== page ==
Evaluating law enforcement interactions during the height of the Occupy movement three years ago, a team of UC Berkeley data-crunchers says the way cops dress might have something to do with whether peaceful protests devolve into teargas-blasted riots.
“Thinking about Ferguson, our research will be able to show how the odds of violence increase drastically, for instance, when police show up in riot gear,” Nick Adams, principal investigator of the Deciding Force Project, said in a statement.
Acknowledging a global spate of altercations between protesters and the authorities—from the Arab Spring to government unrest in Ukraine and recent trouble in Missouri—the Deciding Force Project is looking to explain why police respond to protests the way they do by zeroing in on more than 35,000 reported interactions between demonstrators and the authorities during the Occupy movement.
Writing that it’s neither for nor against police or protesters, the team states says in its project description that it hopes “our research will foster conversations within and between these parties to diminish violent escalations during future episodes of political contestation.”
Meanwhile, the Cato Institute has attempted to quantify something similar with its National Police Misconduct Reporting Project, which scans news reports to produce daily summaries of alleged acts of police misconduct. An interactive map of “botched paramilitary” raids also culls media reports for instances where authorities reportedly detained or harmed innocent or nonviolent subjects.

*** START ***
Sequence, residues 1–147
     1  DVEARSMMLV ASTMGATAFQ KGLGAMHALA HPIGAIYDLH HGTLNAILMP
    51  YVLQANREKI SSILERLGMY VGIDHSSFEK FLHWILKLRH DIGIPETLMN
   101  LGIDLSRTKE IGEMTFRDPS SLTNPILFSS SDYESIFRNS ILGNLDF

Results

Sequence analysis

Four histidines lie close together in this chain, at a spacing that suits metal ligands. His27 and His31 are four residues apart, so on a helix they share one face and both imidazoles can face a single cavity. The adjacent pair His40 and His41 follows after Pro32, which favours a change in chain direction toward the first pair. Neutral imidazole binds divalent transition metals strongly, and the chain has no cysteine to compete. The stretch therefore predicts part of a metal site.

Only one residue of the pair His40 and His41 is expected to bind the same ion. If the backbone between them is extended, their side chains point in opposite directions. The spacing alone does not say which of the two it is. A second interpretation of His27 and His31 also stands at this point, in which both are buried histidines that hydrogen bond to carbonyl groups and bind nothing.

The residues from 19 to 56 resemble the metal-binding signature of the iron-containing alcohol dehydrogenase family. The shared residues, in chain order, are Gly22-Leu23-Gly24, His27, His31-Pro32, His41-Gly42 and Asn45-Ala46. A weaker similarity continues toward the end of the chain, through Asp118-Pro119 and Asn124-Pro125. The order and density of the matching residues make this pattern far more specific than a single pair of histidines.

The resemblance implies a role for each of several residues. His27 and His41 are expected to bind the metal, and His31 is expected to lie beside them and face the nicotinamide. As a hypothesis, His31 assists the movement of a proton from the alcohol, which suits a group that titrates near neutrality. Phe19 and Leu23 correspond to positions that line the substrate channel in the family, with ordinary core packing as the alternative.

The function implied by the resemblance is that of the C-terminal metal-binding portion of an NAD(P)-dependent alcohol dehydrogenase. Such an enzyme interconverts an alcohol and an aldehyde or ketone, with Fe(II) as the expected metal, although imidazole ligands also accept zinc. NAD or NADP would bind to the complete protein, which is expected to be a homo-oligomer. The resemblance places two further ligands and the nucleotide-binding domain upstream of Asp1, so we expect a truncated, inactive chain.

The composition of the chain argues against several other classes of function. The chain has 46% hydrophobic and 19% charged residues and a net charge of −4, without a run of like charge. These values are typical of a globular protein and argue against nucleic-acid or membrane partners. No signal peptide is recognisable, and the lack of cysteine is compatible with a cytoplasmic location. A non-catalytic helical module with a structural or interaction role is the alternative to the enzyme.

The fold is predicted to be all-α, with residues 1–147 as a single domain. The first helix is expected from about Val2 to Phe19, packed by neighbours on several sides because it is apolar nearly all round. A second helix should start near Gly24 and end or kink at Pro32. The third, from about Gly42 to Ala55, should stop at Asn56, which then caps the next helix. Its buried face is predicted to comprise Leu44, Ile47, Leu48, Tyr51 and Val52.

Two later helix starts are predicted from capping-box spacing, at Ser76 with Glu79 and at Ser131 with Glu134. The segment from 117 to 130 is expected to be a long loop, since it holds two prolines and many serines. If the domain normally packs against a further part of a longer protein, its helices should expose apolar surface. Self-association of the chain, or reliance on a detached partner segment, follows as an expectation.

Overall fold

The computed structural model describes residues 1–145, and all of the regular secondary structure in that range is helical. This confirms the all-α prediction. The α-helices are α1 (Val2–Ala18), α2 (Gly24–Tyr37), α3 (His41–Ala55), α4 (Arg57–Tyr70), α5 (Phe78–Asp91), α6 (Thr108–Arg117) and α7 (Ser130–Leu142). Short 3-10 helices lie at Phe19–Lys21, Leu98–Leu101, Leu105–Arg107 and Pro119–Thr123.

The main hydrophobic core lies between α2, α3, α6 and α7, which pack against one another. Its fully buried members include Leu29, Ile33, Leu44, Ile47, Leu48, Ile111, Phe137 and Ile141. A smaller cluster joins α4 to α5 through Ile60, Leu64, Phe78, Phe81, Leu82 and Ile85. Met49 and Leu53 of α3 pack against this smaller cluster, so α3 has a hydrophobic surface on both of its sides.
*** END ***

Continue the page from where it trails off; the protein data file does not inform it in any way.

In 2011, the map cited two examples in California—one in which a consultant on a television crime drama was mistakenly detained during a marijuana raid in San Francisco, and an incident in Stockton in which authorities stormed the home of a man whose estranged wife had defaulted on student loans.
The map didn’t include another 2011 incident, from Davis, where federal authorities looking for a child pornographer kicked in the door of a home occupied by foreign students. No arrests were made, but a young Chinese woman miscarried.
Law enforcement agencies working in Sacramento County have received north of $15.7 million worth of surplus military equipment since 2006, and more than 2,858 items. But this is a conservative estimate, not taking into account frequent instances where a department received multiple, sometimes dozens, of the same item. (For instance, 10 gun-cleaning kits worth $874.60 total and received in July 2013 were valued at their individual worth of $87.46.)
The pace and severity of surplus equipment flowing into Sacramento County has slowed since SN&R and others reported on this issue in 2012. Most of the big-ticket items coming here in recent years are used to dispose of explosives or repair helicopters, while tools, parts, clothing (tons of combat boots), camping equipment and office equipment remain perennial staples.
The Roseville Police Department last used the program to acquired a utility truck in 2012. The El Dorado County Sheriff’s Department hasn’t used it since procuring 29 M16 rifles in 2007. The Galt Police Department hasn’t used the program since 2006, when it obtained 10 M16s worth $49,900. Folsom police haven’t used it since receiving an armored truck in 1999.
Before requisitioning its MRAP, the Citrus Heights Police Department last used the program in 2006, when it acquired six 7.62-millimeter rifles—better known as M14s. “We have not tried to get a whole bunch of stuff,” Wells said.
Police departments in the cities of Rancho Cordova, Auburn and Rocklin haven’t received any tactical equipment, according to Cal OES records.
Even so, some 13,000 California agencies benefit each year from military re-gifting programs that exist to make room for new military toys. Troop withdrawals in Afghanistan and Iraq have meant fewer such toys to be handed down, but with military commanders and some conservatives cracking the door for a ground war against ISIS, that won’t necessarily remain the case.